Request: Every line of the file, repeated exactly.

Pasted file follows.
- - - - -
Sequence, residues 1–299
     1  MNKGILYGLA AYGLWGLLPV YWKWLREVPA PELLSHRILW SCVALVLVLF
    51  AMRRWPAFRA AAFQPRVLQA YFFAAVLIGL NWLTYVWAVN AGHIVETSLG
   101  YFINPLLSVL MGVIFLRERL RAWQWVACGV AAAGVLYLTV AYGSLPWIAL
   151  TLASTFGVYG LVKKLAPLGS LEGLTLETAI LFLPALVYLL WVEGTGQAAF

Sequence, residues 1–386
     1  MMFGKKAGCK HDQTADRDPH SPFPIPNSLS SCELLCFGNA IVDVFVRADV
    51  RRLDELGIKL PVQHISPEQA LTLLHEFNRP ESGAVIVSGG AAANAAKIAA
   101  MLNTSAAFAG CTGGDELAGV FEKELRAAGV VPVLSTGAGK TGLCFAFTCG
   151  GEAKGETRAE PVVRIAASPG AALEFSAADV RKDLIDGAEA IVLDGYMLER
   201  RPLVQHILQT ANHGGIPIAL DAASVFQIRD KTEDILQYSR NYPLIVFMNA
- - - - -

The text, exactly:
Sequence, residues 1–299
     1  MNKGILYGLA AYGLWGLLPV YWKWLREVPA PELLSHRILW SCVALVLVLF
    51  AMRRWPAFRA AAFQPRVLQA YFFAAVLIGL NWLTYVWAVN AGHIVETSLG
   101  YFINPLLSVL MGVIFLRERL RAWQWVACGV AAAGVLYLTV AYGSLPWIAL
   151  TLASTFGVYG LVKKLAPLGS LEGLTLETAI LFLPALVYLL WVEGTGQAAF

Sequence, residues 1–386
     1  MMFGKKAGCK HDQTADRDPH SPFPIPNSLS SCELLCFGNA IVDVFVRADV
    51  RRLDELGIKL PVQHISPEQA LTLLHEFNRP ESGAVIVSGG AAANAAKIAA
   101  MLNTSAAFAG CTGGDELAGV FEKELRAAGV VPVLSTGAGK TGLCFAFTCG
   151  GEAKGETRAE PVVRIAASPG AALEFSAADV RKDLIDGAEA IVLDGYMLER
   201  RPLVQHILQT ANHGGIPIAL DAASVFQIRD KTEDILQYSR NYPLIVFMNA